San Francisco’s police union is going to court to try to stop the implementation of a use of force policy for officers that was passed Wednesday night by the Police Commission.
The new policy, perhaps most controversially, bans officers from shooting at moving vehicles in most instances as well as the use of the carotid hold. Late Wednesday at the commission meeting, it was debated whether to reintroduce the carotid hold in the use of force policy, but the commission ultimately voted against that.
Following the passage of the new policy, the San Francisco Police Officers Association on Thursday announced the lawsuit to prevent the Police Commission from implementing the new policy, claiming it violates the San Francisco charter and state labor laws. The suit was filed Tuesday in San Francisco Superior Court against The City, Police Commission and Acting Chief Toney Chaplin.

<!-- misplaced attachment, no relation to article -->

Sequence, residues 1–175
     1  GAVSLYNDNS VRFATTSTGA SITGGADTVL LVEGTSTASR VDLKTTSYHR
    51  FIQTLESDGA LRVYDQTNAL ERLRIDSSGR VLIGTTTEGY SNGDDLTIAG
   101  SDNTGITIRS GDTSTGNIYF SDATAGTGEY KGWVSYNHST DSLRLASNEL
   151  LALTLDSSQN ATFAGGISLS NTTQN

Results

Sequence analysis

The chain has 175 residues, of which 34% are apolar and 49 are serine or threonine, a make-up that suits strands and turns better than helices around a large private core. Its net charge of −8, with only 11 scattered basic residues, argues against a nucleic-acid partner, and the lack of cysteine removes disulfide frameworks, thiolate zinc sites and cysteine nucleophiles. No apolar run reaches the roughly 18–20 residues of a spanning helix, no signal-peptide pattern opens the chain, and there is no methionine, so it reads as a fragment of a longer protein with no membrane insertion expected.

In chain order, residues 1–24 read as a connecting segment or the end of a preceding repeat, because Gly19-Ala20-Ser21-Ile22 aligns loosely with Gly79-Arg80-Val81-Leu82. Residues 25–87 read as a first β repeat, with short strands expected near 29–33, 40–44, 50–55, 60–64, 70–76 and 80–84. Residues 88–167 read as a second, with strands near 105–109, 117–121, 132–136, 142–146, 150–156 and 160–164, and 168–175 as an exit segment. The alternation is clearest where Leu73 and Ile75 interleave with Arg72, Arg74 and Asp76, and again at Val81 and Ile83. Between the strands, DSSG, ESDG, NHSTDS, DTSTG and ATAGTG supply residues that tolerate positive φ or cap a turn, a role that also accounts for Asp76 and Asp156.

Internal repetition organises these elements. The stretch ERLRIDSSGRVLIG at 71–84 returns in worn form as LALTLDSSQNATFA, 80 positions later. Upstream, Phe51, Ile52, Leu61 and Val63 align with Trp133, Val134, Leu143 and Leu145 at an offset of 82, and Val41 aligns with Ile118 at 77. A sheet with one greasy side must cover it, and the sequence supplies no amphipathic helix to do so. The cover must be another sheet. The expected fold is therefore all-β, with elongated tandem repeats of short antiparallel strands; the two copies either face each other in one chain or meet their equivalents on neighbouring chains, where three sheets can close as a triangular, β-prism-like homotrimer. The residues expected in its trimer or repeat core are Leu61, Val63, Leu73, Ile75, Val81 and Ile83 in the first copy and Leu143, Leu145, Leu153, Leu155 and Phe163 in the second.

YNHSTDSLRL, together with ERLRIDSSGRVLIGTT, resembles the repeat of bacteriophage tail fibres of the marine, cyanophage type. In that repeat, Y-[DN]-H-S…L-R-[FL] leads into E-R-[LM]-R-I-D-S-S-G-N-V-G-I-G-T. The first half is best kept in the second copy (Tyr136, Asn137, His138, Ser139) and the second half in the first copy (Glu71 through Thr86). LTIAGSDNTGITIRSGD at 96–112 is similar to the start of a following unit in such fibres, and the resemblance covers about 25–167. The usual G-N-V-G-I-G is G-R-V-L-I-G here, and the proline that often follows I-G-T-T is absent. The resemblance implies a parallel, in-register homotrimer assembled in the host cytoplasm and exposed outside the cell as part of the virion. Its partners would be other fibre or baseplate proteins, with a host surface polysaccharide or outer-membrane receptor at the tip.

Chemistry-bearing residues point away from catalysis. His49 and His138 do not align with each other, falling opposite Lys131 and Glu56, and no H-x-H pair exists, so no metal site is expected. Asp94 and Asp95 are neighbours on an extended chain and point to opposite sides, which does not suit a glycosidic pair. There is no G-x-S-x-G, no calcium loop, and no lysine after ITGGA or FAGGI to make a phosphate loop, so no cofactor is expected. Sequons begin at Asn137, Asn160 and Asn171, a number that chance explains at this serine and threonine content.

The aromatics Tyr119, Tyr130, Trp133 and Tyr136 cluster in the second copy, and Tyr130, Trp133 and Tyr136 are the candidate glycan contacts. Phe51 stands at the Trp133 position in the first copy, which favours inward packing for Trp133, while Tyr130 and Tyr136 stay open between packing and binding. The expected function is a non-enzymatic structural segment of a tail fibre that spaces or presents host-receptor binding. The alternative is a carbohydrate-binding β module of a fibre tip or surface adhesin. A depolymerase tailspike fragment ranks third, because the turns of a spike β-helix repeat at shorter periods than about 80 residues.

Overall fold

“We’re a labor union and our members have a right to negotiate over working conditions,” Martin Halloran, the union’s president, said in a statement. “The commission wants to ignore those labor rights. The charter is clear that our dispute must go to arbitration, so we’re asking a judge to order the commission back to the table.”
The commission and union have been negotiating the policy since last summer. The commission declared an impasse Oct. 21.
According to Thursday’s statement, the police union is also pushing for the use of Tasers “to balance restrictions on force options in the new policy.”
The union also this week lamented its apparent exclusion from the selection process for a new police chief, which Mayor Ed Lee denies. The mayor on Tuesday announced William Scott, a deputy chief in Los Angeles, as The City’s new police chief. Scott will succeed Chaplin, who has held the post following former Chief Greg Suhr’s resignation in May.